Some patients with common kidney disease can skip standard treatments

September 6, 2012

For patients with a common kidney disease who have normal kidney function and only minor urinary abnormalities at the time of diagnosis, the long-term prognosis is excellent and no special treatments are needed, according to a study appearing in an upcoming issue of the Journal of the American Society of Nephrology (JASN). The findings contrast with earlier, smaller studies and suggest that patients can avoid taking potentially toxic immunosuppressive medications often used to treat the disease.

IgA nephropathy occurs when antibodies build up in the kidneys, which can cause the kidneys to leak blood and proteins into the urine and in some cases can lead to . But some patients with IgA nephropathy have normal kidney function and only minor urinary abnormalities at the time of diagnosis. The long-term prognosis of these patients is unclear.

To investigate, Eduardo Gutiérrez, MD, Manuel Praga, MD, PhD (Hospital Universitario 12 de Octubre, in Madrid), and their colleagues studied 141 with biopsy-proven IgA nephropathy who had normal kidney function, little or no urinary protein leakage, or , and who were not taking immunosuppressive medications for their disease.

Among the major findings:

  • After 10, 15, and 20 years, 96.7%, 91.9%, and 91.9% of patients maintained blood creatinine levels under a 50% increase from the start, respectively. (Rising creatinine levels indicate declining kidney function.) No patients developed kidney failure.
  • Clinical remission occurred in 53 (37.5%) patients after an average of four years.
  • 41 (29.1%) patients had no proteinuria.
  • At the start of the study, 23 (16.3%) patients had compared with 30 (21.3%) patients at the end of follow-up.
  • 59 (41.8%) patients were treated with medications that lower high blood pressure and proteinuria.
"We demonstrate that the long-term prognosis of this type of patient is excellent and that no special treatments other than those needed to lower blood pressure or treat increasing proteinuria are indicated," said Dr. Gutiérrez. "Our reassuring data are important because some previous studies had suggested that IgA nephropathy is a progressive disease even in this type of patient with benign presentation," he added.

Explore further: Blood markers reveal severity of common kidney disease

More information: The article, entitled "Long-Term Outcomes of IgA Nephropathy Presenting with Minimal or No Proteinuria will appear online on September 6, 2012, doi: 10.1681/ASN.2012010063

Related Stories

Blood markers reveal severity of common kidney disease

August 16, 2012
Increasing blood levels of particular proteins may act as warning signs for patients with one of the most common diseases of the kidney, according to a study appearing in an upcoming issue of the Journal of the American Society ...

Chronic kidney disease a recipe for kidney failure? Not necessarily

March 8, 2012
Not all patients with chronic kidney disease (CKD) are destined for kidney failure, according to a study appearing in an upcoming issue of the Journal of the American Society Nephrology (JASN). The findings provide hope that ...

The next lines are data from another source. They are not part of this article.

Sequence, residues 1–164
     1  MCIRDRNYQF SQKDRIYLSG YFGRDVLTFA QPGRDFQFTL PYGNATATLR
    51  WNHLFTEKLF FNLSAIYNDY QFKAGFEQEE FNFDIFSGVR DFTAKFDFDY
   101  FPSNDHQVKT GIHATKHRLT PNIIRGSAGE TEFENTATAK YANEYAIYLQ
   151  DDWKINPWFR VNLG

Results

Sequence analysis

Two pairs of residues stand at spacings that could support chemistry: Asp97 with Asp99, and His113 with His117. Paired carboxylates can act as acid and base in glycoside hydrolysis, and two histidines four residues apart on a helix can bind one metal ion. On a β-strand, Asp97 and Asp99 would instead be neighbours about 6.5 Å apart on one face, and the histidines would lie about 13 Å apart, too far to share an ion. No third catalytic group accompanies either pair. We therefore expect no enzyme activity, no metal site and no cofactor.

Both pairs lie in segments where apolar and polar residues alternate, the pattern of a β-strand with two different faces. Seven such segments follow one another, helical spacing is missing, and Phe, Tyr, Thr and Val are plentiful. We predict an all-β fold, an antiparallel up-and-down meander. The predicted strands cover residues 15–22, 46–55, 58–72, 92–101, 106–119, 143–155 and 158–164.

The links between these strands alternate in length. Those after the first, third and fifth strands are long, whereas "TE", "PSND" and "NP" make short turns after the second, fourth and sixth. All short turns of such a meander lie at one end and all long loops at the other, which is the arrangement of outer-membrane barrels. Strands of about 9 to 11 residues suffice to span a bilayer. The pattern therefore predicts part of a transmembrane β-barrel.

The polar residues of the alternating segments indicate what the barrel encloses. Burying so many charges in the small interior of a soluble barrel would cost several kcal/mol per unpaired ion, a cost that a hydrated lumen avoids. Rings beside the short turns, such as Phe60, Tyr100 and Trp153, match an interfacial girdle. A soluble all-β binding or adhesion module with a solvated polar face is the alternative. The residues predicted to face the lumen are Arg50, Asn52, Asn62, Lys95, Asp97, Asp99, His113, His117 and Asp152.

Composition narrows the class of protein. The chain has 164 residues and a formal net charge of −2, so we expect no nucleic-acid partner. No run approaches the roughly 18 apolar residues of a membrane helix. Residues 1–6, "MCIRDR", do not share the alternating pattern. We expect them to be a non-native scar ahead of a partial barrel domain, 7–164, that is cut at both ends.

Can proteins in the blood predict an early death?

December 15, 2011
Certain measures of kidney health may predict who is likely to die prematurely, according to a study appearing in an upcoming issue of the Journal of the American Society Nephrology (JASN). The findings suggest that some ...

Recommended for you

Will these two home remedies help your sore throat?

December 18, 2017
(HealthDay)—Down go another two worthless home remedies for strep throat.

Simple tool may expedite transplants in kids with kidney failure

December 18, 2017
An easy-to-use tool to predict the likelihood of a child with kidney disease progressing to kidney failure has a high degree of accuracy and could be used to reduce the burden of dialysis and increase transplantations, according ...

New cellular approach found to control progression of chronic kidney disease

December 15, 2017
Researchers have demonstrated for the first time that extracellular vesicles - tiny protein-filled structures - isolated from amniotic fluid stem cells (AFSCs) can be used to effectively slow the progression of kidney damage ...

Testing shows differences in efficacy of Zika vaccines after one year

December 15, 2017
(Medical Xpress)—A large team of researchers with members from Harvard Medical School, Walter Reed Army Institute of Research, Bioqual Inc. and MIT has found that the efficacy of the three types of Zika vaccines currently ...

How to regulate fecal microbiota transplants

December 15, 2017
(Medical Xpress)—A small team of researchers at the University of Maryland, some with affiliations to the Veterans Affairs Maryland Health Care System, has written and published a Policy Forum piece in the journal Science ...

Screening could catch a quarter of hip fractures before they happen

December 15, 2017
Community screening for osteoporosis could prevent more than a quarter of hip fractures in older women - according to new research led by the University of East Anglia (UEA).

0 comments

Please sign in to add a comment. Registration is free, and takes less than a minute. Read more

Click here to reset your password.
Sign in to get notified via email when new comments are made.